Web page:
The story is told from Aoileann’s point of view, she is a very unreliable narrator and as you become more in tune with her world you understand why. With the brutality of her grandmother, the indifference of her father and the dehumanising of the mother, it is no surprise that Aoileann is a complex, twisted character. You are never sure if you should pity, loathe or be terrified of her. For Aoileann, finds herself caught in a situation not of her own choosing and it is not until the end that she is able to understand the reasons why. As a child she is conditioned by the grandmother to no longer acknowledge the existence of her mother but to treat her as a thing, a household chore.

You know that her mother has suffered some kind of traumatic incident, while she is immobilised in the bed, there are attempts to flee and indications that she may be quite cognizant of her surroundings and situation. It makes you wonder if she is being held against her will or if it is for her own protection. The grandmother is a woman bound by duty to her son and does not demonstrate any kindness to Aoileann or her mother. She has is harsh, steeped in superstition, resentful and has no care as to what her words are doing to Aoileann.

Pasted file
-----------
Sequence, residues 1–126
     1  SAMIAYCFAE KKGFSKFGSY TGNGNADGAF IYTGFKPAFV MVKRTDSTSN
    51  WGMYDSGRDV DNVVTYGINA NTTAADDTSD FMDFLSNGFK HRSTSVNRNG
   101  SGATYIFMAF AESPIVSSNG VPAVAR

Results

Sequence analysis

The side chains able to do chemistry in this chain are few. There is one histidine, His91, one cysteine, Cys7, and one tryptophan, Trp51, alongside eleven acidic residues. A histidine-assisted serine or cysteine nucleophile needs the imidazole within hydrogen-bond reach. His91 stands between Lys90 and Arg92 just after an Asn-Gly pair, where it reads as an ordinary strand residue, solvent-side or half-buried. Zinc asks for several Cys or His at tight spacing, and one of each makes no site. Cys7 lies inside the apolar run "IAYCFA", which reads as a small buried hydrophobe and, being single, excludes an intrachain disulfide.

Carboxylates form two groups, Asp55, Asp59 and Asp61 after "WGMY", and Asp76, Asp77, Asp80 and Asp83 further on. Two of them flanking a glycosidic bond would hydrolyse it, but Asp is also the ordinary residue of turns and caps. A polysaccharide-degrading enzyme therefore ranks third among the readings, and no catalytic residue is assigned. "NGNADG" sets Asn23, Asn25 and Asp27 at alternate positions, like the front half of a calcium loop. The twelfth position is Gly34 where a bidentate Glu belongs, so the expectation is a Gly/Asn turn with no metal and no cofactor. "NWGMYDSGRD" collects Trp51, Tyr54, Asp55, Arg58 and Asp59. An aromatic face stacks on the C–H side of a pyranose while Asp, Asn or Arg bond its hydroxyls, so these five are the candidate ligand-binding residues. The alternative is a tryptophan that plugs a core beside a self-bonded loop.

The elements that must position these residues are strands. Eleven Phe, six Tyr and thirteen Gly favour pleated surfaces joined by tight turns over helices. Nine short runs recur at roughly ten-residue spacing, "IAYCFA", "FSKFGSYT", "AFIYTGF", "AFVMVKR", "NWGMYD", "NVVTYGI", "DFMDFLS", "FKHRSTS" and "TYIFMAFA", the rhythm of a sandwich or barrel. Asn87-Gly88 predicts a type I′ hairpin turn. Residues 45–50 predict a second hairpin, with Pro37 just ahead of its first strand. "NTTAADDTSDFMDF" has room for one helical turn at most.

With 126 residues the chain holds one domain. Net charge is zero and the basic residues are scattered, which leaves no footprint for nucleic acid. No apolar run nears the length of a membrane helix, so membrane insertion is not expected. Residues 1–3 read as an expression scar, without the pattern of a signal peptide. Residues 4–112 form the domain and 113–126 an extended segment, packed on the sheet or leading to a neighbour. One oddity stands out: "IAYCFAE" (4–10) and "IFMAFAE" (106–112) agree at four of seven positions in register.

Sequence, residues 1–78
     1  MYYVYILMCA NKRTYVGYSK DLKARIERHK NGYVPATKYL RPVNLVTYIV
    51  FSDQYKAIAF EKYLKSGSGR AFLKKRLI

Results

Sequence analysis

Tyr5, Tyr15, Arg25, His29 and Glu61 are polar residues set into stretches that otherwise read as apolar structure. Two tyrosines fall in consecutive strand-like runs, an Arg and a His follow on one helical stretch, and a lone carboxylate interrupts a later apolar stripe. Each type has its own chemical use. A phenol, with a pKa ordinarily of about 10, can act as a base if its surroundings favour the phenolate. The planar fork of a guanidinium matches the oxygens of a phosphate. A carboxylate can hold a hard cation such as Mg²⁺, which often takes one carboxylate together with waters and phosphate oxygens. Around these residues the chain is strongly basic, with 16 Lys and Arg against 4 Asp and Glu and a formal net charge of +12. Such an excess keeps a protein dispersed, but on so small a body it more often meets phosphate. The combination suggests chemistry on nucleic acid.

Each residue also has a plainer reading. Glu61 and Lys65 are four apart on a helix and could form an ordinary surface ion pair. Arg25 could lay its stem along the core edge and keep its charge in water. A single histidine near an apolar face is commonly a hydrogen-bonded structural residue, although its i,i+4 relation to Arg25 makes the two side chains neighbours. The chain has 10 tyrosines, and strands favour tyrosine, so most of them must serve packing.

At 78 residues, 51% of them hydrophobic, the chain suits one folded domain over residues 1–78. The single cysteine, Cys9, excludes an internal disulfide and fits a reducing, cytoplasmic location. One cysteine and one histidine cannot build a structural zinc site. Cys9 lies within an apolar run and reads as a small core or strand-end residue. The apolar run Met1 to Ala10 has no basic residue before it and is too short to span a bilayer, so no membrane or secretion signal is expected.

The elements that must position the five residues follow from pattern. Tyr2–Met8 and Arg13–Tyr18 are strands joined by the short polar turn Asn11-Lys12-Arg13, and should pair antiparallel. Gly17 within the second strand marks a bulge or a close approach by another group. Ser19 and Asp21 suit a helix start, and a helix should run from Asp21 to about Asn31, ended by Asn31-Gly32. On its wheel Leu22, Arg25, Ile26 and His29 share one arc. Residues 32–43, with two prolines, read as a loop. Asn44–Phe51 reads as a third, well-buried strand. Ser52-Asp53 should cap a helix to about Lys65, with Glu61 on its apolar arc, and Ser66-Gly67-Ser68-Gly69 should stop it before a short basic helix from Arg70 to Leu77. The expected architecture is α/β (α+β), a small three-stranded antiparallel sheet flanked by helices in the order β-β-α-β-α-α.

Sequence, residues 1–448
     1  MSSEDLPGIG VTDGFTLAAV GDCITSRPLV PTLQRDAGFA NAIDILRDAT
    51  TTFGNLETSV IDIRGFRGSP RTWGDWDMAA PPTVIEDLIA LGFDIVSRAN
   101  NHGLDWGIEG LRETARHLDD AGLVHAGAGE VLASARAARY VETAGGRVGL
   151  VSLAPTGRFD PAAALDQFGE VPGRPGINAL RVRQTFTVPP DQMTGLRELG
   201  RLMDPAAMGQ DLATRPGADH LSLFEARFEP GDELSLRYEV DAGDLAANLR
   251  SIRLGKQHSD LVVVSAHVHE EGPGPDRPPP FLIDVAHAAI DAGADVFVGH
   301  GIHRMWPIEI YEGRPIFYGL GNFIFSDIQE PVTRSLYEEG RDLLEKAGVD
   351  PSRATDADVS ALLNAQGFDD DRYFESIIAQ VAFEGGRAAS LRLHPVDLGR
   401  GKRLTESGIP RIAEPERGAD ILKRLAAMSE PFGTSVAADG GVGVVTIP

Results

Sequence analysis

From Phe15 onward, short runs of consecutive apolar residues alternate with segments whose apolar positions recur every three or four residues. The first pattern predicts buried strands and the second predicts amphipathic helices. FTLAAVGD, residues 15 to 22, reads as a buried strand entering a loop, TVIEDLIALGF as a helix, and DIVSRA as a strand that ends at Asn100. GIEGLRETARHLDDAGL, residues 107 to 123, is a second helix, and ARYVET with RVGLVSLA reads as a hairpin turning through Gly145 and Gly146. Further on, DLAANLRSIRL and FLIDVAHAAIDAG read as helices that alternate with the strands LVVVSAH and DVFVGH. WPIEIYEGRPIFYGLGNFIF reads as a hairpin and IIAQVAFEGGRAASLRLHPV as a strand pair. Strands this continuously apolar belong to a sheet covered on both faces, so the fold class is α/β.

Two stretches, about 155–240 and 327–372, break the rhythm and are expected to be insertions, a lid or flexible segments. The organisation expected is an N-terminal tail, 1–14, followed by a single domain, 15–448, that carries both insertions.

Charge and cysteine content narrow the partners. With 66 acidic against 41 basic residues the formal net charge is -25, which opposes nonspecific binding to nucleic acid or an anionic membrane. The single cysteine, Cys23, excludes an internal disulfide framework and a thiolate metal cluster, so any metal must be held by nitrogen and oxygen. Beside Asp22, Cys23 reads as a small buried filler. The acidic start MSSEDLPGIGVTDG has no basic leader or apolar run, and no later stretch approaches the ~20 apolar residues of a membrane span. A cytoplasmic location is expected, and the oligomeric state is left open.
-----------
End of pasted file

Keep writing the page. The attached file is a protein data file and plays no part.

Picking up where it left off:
White has created an atmospheric novel that seeps into your being. From the superstitions of the islanders, the bareness of the island, the sparse living conditions there is nothing attractive about living on this island. White’s style is quite languid, a gentle rhythm that masks the ugly reality of Aoileann world. Littered through the story are moments that are clues to what has been and what may occur. Incidents are exposed that are shocking and demonstrate the worse our intolerance and lack of empathy towards others. White has dived deeply into the ugliest parts of the human psyche, crafted a very grey and ambiguous character in Aoileann that you find yourself hoping will find the light.

This is a really good read, not a page turner, not a thriller, but an engrossing story about really flawed characters where nothing is as it seems.